Narev also highlighted the CBA’s recent investment in research and development of technology for customer outcomes. These included the CEBA Chatbox, and the first commercialised blockchain solution in South Africa, which he said will enable the group to give customers their own digital identity for use on the blockchain so they’re in control of it.

"In coming months, the leading in-branch kiosk technology we’ve developed in South Africa will be rolled out in all of the branches and ASB,” he added.

 Follow CMO on Twitter: @CMOAustralia, take part in the CMO conversation on LinkedIn: CMO ANZ, join us on Facebook: https://www.facebook.com/CMOAustralia, or check us out on Google+:google.com/+CmoAu      

Join the newsletter!

Or

Sign up to gain exclusive access to email subscriptions, event invitations, competitions, giveaways, and much more.

Membership is free, and your security and privacy remain protected. View our privacy policy before signing up.

Error: Please check your email address.
Show Comments

Latest Videos

More Videos

looking for the best quality of SMM Panel ( Social Media Marketing Panel ) is a website where People Buy Social Media Services Such as Fa...

Kavin kyzal

How to manage social media during Covid-19

Read more

Thank you for sharing your knowledge. Definitely bookmarked for future reading! Check this website https://a2designlab.com/ with lots of ...

Pierce Fabreverg

Study: Gen Z are huge opportunity for brands

Read more

Thanks for sharing. You might want to check this website https://lagimcardgame.com/. An up and coming strategic card game wherein the cha...

Pierce Fabreverg

Board games distributor partners with Deliveroo in business strategy pivot

Read more

Such an important campaign, dyslexia certainly need more awareness. Amazing to see the work Code Read is doing. On the same note we are a...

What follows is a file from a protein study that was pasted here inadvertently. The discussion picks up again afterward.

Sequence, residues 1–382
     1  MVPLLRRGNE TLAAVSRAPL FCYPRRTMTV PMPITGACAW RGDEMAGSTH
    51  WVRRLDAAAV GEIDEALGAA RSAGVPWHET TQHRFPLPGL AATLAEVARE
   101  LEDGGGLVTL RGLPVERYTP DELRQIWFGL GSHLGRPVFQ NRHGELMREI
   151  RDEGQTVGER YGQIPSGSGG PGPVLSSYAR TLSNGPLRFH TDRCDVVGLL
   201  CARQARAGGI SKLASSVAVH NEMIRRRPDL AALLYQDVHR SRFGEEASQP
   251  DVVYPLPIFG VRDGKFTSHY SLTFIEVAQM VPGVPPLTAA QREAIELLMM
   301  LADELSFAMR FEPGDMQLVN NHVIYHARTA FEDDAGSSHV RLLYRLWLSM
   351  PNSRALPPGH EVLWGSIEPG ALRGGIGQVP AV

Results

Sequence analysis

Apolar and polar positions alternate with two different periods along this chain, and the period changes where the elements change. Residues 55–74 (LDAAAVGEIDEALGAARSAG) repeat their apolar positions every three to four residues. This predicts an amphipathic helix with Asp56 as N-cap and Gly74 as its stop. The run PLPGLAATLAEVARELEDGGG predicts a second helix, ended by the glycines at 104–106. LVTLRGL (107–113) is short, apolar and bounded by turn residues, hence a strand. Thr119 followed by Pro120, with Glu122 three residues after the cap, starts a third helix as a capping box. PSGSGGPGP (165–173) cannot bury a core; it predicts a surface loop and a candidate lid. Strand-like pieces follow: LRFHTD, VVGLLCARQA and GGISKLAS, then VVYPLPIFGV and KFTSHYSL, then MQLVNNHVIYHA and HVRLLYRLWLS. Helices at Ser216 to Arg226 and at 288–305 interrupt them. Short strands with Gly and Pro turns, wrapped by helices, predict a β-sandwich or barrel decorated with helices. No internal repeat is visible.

Hugo

New campaign aims to build understanding around scope and impact of dyslexia

Read more

Great Job on this article! It demonstrates how much creativity, strategy and effort actually goes to produce such unique logo and brandin...

Pierce Fabreverg

Does your brand need a personality review? - Brand vision - CMO Australia

Read more

Blog Posts

A few behavioural economics lesson to get your brand on top of the travel list

Understanding the core principles of Behavioural Economics will give players in the travel industry a major competitive advantage when restrictions lift and travellers begin to book again. And there are a few insights in here for the rest of the marketing community, too.

Dan Monheit

Co-founder, Hardhat

Predicting the Future: Marketing science or marketing myth?

Unicorns, the Sunken City of Atlantis, Zeus: They are very famous. So famous in fact, that we often think twice about whether they are real or not. Sometimes if we talk about something widely enough, and for long enough, even the strangest fiction can seem like fact. But ultimately it is still fiction - stories we make up and tell ourselves over and over until we believe.

Kathy Benson

Chief client officer, Ipsos

Winning means losing in the game of customer retention

At a time of uncertainty and economic hardship, customer retention takes on much greater importance. CX Lavender’s Linda O’Grady examines the big grey area between ‘all’ and ‘best’ customers when deciding who is worth fighting for and how.

Linda O'Grady

Data Strategy Partner & Business Partner, CX Lavender

Sign in